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Diplomatic relations between Iceland and the Baltic states

Address by the Prime Minister of Iceland, Mr. Davíð Oddsson,
at a ceremony in Höfði, August 25 2001 commemorating the ten year
anniversary of diplomatic relations between Iceland and the Baltic states

Icelandic version

Ladies and Gentlemen:

I wish you all a warm welcome to this ceremony and I especially welcome our distinguished guests from the three Baltic countries who are visiting Iceland for this milestone occasion.

The Baltic countries recaptured their freedom and independence just over ten years ago. Decades of subjugation and incredible oppression had not managed to smother the spark of freedom that lay deep in their souls, shielded by their unfailing patriotism and national identity. The West had "de facto" written off these countries as part of the Soviet balance sheet. For this reason most people in the West were astonished at the fighting spirit and the courage these nations showed when they seized the opportunity that arose, when they saw a breach appear in the system of oppression and drove their wedges into it so that it would not close again, then began opening it wider with the unstoppable power that the yearning for liberty alone could drive.

Those of us who were in the Icelandic government at that time looked on with interest and expectation, and are grateful for having been able to make our modest contribution to that unique struggle for freedom. I remember those moments as some of the most enjoyable that I have ever experienced in Icelandic politics. I also recall the signals and words of warning from various friends of ours, directly and indirectly, not to do anything that could weaken the position of those in Moscow in whom the Western leaders had vested their faith. All this was well conceived and well meant, yet so wrong. In particular I also remember the performance of Iceland's Foreign Minister at that time, Jón Baldvin Hannibalsson, who inspired my admiration with the steadfastness, clarity of vision and courage for which his name will deservedly long be remembered.

In 1986 this building was the venue for the Summit meeting between the two superpower leaders, Ronald Reagan and Michael Gorbachev. Initially that meeting was not expected to play a major role and when it came to and end the media clearly considered it a total failure. That assessment would certainly change later. Now, most historians regard the Reykjavík Summit as a milestone event which paved the way for the developments that followed. For this reason, the then Foreign Minister and myself decided that no other place could serve as the stage for the historic signature ceremony where he and his colleagues from the newly democratic states established formal diplomatic relations between our countries.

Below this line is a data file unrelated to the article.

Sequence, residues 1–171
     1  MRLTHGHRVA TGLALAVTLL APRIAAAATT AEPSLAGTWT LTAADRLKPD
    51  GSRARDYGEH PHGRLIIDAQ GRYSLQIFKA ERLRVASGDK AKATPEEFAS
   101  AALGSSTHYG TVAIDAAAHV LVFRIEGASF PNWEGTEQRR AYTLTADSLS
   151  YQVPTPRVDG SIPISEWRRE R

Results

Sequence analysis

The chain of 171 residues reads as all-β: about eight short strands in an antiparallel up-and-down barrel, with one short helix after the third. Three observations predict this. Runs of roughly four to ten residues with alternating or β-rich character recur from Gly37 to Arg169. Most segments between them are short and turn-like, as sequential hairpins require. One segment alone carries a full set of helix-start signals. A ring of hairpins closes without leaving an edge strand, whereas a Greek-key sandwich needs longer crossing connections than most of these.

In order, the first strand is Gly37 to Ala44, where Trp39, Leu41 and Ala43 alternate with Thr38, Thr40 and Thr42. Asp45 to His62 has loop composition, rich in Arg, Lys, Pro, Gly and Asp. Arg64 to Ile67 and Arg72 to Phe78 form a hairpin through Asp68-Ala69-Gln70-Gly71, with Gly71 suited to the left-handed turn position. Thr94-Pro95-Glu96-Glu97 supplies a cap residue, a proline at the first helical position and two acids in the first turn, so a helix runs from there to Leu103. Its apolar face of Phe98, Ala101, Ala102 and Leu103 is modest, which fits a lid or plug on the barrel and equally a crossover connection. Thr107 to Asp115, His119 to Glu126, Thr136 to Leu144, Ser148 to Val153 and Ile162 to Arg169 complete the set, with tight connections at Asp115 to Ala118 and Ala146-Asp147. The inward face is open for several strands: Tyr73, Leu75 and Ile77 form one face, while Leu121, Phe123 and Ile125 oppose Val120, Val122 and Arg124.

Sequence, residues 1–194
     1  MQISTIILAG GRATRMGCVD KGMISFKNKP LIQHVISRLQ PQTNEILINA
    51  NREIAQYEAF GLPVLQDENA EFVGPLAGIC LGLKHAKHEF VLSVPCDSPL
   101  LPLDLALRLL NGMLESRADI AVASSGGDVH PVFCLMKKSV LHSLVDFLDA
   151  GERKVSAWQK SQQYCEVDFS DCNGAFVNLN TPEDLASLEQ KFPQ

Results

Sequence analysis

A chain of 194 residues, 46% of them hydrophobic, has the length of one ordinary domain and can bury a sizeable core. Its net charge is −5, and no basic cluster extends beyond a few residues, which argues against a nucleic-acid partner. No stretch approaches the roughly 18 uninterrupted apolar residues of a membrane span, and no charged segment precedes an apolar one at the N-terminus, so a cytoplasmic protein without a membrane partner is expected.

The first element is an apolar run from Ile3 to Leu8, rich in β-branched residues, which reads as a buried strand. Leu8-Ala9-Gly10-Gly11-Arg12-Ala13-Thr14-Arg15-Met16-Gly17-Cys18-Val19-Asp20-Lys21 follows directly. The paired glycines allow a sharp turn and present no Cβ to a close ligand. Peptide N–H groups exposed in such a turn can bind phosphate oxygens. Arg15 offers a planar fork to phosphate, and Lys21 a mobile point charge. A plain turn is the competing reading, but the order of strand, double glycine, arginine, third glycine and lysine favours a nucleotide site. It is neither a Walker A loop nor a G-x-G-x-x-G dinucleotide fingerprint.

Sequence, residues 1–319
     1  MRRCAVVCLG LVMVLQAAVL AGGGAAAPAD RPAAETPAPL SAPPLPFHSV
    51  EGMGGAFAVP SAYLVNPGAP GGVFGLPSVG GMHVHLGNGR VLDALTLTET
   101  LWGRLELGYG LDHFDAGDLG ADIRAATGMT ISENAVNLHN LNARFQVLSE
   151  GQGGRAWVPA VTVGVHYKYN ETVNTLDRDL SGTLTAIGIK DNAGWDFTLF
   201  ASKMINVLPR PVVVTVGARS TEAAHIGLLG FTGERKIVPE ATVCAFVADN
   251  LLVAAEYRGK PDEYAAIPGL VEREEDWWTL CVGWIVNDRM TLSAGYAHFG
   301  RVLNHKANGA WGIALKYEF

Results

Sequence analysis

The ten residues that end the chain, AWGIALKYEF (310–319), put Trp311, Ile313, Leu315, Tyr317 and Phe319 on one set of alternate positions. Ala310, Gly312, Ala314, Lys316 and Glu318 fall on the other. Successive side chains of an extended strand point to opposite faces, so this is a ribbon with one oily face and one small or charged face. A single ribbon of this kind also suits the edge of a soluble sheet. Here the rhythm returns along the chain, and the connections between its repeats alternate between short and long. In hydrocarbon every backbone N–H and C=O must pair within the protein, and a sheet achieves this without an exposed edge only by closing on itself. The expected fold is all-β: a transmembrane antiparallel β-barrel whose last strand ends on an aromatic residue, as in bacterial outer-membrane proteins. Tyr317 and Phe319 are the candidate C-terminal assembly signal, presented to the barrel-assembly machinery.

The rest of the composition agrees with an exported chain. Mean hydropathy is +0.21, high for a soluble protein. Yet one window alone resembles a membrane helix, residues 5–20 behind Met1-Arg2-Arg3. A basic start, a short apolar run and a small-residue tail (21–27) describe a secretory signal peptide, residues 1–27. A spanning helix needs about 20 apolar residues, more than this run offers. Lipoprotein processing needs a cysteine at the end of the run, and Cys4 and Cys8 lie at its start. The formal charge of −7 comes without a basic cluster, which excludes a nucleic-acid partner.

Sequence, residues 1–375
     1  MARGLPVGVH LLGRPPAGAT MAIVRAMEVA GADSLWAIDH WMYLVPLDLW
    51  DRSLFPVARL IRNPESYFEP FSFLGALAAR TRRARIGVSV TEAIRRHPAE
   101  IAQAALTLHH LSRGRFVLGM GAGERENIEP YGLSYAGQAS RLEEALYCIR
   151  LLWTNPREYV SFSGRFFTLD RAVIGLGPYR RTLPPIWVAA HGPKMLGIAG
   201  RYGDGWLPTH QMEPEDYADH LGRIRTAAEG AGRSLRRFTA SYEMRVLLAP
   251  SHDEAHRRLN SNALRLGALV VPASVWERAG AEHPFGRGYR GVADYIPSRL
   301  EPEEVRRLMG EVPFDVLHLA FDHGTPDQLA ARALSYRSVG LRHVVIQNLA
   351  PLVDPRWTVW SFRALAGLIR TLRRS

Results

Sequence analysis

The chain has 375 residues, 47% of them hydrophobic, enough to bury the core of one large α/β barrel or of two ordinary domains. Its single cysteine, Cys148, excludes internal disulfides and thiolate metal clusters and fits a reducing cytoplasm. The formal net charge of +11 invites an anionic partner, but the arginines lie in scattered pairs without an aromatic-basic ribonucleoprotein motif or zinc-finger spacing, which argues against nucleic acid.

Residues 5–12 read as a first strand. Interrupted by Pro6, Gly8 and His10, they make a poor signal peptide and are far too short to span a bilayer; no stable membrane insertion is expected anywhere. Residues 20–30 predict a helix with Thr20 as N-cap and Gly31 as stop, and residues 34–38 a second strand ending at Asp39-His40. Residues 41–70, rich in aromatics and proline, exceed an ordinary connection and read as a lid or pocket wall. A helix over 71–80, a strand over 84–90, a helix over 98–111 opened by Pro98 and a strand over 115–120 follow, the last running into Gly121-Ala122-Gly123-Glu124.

All these events, and in particular the occasion here at Höfði, were of such historical proportions that it is only natural to remember them now, ten years later, with gratitude and warmth. Our countries' Foreign Ministers were present then, like today; one of them, Algirdas Saudargas, links the past with the present and we extend a special welcome to him. We Icelanders are proud and extremely grateful to have been able to make one move on the chessboard where the people and leaders of the Baltic countries fought ten years ago for the ultimate stakes. Admittedly the ten years that have passed since then have not all been a bed of roses, but have still been a time of triumphs and proof that all paths towards progress are open to nations which enjoy freedom, while those who are oppressed have no such opportunity. Enormous progress has been made. But the crucial point is that all nations, both those close to the scene of those events and others farther away, now know that henceforth there will be no turning back. The Baltic countries have returned to the family of nations based on democracy, freedom and independence. They will never again be snatched away from that family. Their membership of NATO is closer now than ever before. Their suffering and sacrifices were not in vain. We Icelanders consider it a great honour that these nations want to be our friends.

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